The Connaught Worm
I was talking to an old farming friend one evening and he was talking about things he had been told by his grandfather many years previously. He told me that he was warned about an illness to which cattle were very prone, and that was caused by a beast swallowing a grub while grazing. This grub was known to be the full-grown larva of the large 'Elephant Hawk' moth, which became known as the 'Connaught Worm.' This caterpillar is remarkable in the way that it reacts when disturbed. It retracts its head and the anterior segments of the body, raising this swollen portion above the rest of the grub's body, giving it an attitude similar to that of a 'Sphinx'. The eye-like markings on the front segments then appear like two pair of enormous eyes. On the last segment of the tail a fleshy spine projects outward as if it was a sting.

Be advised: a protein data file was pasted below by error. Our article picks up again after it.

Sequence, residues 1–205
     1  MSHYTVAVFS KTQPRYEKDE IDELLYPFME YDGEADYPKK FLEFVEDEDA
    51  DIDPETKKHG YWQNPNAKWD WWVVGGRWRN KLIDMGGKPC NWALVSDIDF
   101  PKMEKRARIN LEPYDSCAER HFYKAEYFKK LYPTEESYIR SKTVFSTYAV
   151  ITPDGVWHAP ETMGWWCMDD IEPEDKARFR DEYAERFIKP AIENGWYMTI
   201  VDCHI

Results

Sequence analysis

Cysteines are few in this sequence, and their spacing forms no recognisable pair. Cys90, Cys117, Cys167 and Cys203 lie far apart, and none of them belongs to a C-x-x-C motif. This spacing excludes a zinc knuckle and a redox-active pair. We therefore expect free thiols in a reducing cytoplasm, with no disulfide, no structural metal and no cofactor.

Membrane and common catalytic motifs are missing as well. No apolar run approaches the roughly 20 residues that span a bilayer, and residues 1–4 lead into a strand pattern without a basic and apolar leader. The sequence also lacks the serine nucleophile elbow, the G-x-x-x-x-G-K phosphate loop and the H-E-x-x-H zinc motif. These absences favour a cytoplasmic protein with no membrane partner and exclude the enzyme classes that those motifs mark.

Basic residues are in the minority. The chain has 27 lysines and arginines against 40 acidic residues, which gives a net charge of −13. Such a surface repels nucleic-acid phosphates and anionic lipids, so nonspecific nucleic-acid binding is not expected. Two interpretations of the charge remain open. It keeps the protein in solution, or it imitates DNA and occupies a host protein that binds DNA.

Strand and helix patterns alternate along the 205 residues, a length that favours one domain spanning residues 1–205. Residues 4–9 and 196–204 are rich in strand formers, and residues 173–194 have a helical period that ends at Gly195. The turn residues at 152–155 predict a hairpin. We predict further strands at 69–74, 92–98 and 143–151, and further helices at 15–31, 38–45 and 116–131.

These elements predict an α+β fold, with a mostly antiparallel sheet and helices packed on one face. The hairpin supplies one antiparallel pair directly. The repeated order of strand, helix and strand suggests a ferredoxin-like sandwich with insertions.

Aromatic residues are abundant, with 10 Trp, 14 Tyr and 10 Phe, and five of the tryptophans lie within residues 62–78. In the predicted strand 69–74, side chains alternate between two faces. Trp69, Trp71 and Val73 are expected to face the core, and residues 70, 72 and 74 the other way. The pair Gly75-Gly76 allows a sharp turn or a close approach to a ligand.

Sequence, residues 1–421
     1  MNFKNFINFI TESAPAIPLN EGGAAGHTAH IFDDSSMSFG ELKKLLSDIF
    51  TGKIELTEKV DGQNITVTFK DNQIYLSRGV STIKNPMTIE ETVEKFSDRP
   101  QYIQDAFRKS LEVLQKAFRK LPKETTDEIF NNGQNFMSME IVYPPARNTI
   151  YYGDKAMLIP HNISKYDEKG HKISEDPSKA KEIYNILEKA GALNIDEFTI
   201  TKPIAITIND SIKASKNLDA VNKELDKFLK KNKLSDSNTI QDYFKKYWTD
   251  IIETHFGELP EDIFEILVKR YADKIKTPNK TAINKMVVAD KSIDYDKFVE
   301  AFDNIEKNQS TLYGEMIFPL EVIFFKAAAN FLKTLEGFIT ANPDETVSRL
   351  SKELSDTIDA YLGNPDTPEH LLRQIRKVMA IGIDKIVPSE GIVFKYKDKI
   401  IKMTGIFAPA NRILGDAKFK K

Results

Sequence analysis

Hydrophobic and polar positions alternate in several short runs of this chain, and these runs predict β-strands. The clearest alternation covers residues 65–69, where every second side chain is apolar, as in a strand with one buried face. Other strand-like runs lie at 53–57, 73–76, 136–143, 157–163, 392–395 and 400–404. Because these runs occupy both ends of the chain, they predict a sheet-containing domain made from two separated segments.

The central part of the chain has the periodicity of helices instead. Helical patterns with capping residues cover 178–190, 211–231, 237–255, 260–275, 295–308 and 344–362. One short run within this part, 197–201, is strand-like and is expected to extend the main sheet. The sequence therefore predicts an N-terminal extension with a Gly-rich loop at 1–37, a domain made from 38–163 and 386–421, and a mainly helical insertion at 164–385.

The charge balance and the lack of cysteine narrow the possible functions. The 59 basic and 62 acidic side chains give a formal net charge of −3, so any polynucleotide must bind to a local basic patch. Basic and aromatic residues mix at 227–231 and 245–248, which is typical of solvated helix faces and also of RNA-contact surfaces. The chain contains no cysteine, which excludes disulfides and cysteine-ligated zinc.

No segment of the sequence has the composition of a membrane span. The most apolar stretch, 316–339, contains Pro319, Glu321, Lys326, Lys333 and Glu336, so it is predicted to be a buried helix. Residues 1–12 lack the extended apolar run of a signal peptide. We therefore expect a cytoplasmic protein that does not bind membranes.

The illness in cattle appears to have been caused by the the 'worm' being found on the grass when covered with dew, and tradition said it could only be cured in two ways. The first of these methods requires the getting of a specimen of the insect, which is then crushed between the palms of your hands and allowing the oily substance to dry on them. Afterward, the first water in which your hands are washed each morning acts as medicine for the beast suffering from the complaint. The other method is to bore a large hole in the stem of a hawthorn tree and put a 'Connaught Worm' into it, plugging the hole securely afterwards. The leaves of the tree then become impregnated with virtue and are given to the sick beast as a cure.
This illness was reputed to affect both cattle and pigs, and within veterinary circles was better known as 'Blaines'. It was a well-known cattle illness during the eighteenth and nineteenth centuries, but it is unclear if it still exists and what modern animal illness corresponds to it. But it cause a bladder-like growth on the root of the tongue, which pressing against the beasts' windpipe as it swells makes breathing difficult and could lead to death if untreated.